A Port Stephens resident has received the Chancellor's Doctoral Research Medal after completing his Doctor of Philosophy in clinical psychology at the University of New England.
Tanilba Bay's Michael Walton, who hopes to work in the field of mental health services, said he was thrilled to be awarded the medal for his 'exceptional merit' and being 'at the forefront of one's field'.
"I wrote my thesis while looking out on the green spaces of historic Tanilba House and Big Swan Bay, for which a world heritage listing is currently being sought," Dr Walton said.
"Occasionally I would observe the antics of koalas mating, which provided an interesting take on my research into the sexual behaviour of humans."
Dr Walton's PhD involved a combination of professional study, three clinical placements, and a doctoral thesis. He averaged more than 90 per cent for his enrolled course units and received the highest possible evaluation rating for his placements.
His research topic was entitled "Investigating Features of Hypersexuality" and the "Sexhaviour Cycle of Hypersexuality" to inform clinical research, assessment, treatment and understanding.
"Hypersexuality describes a persistent pattern of failure to control frequent and intense sexual urges, resulting in repetitive sexual behaviour that causes some people significant distress or impairment," he said.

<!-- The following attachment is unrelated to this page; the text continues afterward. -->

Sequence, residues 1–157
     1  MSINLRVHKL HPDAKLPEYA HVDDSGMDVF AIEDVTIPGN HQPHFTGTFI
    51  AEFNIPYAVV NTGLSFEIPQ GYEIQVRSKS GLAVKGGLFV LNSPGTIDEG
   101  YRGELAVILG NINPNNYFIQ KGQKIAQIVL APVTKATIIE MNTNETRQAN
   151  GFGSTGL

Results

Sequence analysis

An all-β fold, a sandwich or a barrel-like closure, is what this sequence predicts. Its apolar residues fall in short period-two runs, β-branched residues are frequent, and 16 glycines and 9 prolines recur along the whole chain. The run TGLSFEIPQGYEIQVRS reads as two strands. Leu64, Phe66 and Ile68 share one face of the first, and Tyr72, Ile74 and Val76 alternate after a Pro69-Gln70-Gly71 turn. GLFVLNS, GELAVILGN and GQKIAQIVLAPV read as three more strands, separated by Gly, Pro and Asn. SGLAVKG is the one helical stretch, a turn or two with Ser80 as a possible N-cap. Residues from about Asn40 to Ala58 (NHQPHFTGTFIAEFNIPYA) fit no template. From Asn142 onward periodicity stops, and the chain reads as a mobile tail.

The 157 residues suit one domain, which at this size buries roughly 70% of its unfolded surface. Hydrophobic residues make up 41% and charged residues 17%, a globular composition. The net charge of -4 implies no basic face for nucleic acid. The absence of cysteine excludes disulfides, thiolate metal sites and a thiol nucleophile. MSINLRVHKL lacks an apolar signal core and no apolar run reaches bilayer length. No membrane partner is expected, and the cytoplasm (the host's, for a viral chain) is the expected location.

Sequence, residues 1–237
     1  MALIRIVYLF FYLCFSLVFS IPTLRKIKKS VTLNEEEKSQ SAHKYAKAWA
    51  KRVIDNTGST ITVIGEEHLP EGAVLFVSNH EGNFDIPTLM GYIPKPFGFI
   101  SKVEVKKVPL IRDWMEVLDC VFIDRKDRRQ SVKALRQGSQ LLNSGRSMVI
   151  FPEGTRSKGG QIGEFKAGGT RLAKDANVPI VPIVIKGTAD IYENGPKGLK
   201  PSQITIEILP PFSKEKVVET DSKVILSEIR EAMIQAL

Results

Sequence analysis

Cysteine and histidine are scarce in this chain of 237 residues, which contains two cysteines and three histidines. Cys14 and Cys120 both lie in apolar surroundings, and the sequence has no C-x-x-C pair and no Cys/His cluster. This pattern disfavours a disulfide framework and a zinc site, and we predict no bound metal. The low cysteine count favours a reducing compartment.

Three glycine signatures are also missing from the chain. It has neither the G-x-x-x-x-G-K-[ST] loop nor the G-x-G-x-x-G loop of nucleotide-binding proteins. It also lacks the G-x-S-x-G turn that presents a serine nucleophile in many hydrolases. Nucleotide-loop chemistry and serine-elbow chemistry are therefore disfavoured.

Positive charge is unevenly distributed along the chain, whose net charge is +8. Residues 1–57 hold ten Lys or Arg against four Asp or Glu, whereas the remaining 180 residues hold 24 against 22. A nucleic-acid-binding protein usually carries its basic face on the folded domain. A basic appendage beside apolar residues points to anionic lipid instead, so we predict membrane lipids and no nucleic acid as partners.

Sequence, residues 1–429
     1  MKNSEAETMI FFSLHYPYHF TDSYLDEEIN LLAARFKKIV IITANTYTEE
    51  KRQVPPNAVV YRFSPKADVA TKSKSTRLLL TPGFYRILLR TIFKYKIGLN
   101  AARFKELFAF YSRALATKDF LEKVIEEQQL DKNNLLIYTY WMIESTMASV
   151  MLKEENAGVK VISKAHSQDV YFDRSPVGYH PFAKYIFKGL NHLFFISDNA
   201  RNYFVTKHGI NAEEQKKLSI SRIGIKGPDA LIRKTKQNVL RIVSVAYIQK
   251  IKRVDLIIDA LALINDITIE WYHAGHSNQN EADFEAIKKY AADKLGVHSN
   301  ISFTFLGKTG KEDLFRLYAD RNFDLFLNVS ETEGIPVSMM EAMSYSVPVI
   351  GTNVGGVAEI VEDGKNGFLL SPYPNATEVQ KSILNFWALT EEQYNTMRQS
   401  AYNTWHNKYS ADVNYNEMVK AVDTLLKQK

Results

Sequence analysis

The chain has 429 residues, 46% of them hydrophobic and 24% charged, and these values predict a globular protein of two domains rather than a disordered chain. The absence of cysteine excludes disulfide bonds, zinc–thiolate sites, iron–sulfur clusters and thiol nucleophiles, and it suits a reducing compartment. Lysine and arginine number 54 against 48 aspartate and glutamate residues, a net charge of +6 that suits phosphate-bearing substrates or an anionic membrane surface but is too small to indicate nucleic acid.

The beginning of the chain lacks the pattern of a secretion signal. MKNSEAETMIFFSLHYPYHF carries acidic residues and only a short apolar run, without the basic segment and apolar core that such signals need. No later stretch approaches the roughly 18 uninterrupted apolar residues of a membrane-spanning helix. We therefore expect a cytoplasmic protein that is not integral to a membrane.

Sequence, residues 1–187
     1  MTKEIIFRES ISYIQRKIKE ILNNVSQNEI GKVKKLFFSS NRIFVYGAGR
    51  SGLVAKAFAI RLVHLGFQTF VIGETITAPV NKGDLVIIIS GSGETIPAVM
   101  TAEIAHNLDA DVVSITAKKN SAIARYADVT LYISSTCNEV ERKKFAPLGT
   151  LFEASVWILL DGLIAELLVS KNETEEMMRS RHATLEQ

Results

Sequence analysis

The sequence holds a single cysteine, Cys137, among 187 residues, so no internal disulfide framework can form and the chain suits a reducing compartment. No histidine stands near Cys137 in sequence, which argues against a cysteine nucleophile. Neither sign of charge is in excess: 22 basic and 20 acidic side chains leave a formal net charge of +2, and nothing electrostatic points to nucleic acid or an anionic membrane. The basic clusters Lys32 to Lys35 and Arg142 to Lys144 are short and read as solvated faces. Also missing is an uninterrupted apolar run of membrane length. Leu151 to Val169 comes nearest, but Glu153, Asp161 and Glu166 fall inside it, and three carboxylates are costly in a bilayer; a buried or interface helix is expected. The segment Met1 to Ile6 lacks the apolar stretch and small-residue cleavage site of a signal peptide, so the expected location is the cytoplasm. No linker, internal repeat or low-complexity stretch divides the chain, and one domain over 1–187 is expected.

Dr Walton's research involved more than 1,800 heterosexual and LGBTIQ adult participants who were recruited internationally online. His research found sexual excitation/inhibition, impulsivity, anxiety, depression and associated personality features related to various presentations.
"Hypersexuality is clinically complex to understand and often presents as a heterogeneous psychological problem or symptom of a recognised condition, frequently relates to high sexual arousal and low mood, and is more problematic for men than women."
Although hypersexuality may exist as an addiction for a nucleus of cases, some participants self-reported they were "sex addicted" when their rates of sexual activity were comparable to the general population.
Dr Walton suggests further research is required to validate whether hypersexuality sometimes exists as a behavioural addiction, as is recognised for substance-related addictive disorders, such as alcohol.
To date, Dr Walton's PhD research has featured in eight articles published in the 'Archives of Sexual Behavior', a leading peer-reviewed journal in the field of sexual science.
Dr Walton recently completed his final clinical placement at Headspace in Western Sydney, an organisation which provides mental health services for people aged 12-25. "Young people are recognising that sometimes in life we need help to better understand ourselves in order to help resolve life's challenges. The value of early intervention is important."
As for his future career direction, Dr Walton said that it was likely to involve a combination of clinical practice and authorship. He intends to complete an 18-month internship program to become a registered clinical psychologist.
Dr Walton is also interested in the online delivery of mental health services, particularly given a lack of clinical services in communities such as Port Stephens.
"Access to timely, affordable and quality mental health care requires the ongoing commitment of state and federal governments and service delivery is a challenge for small communities such as Tanilba Bay."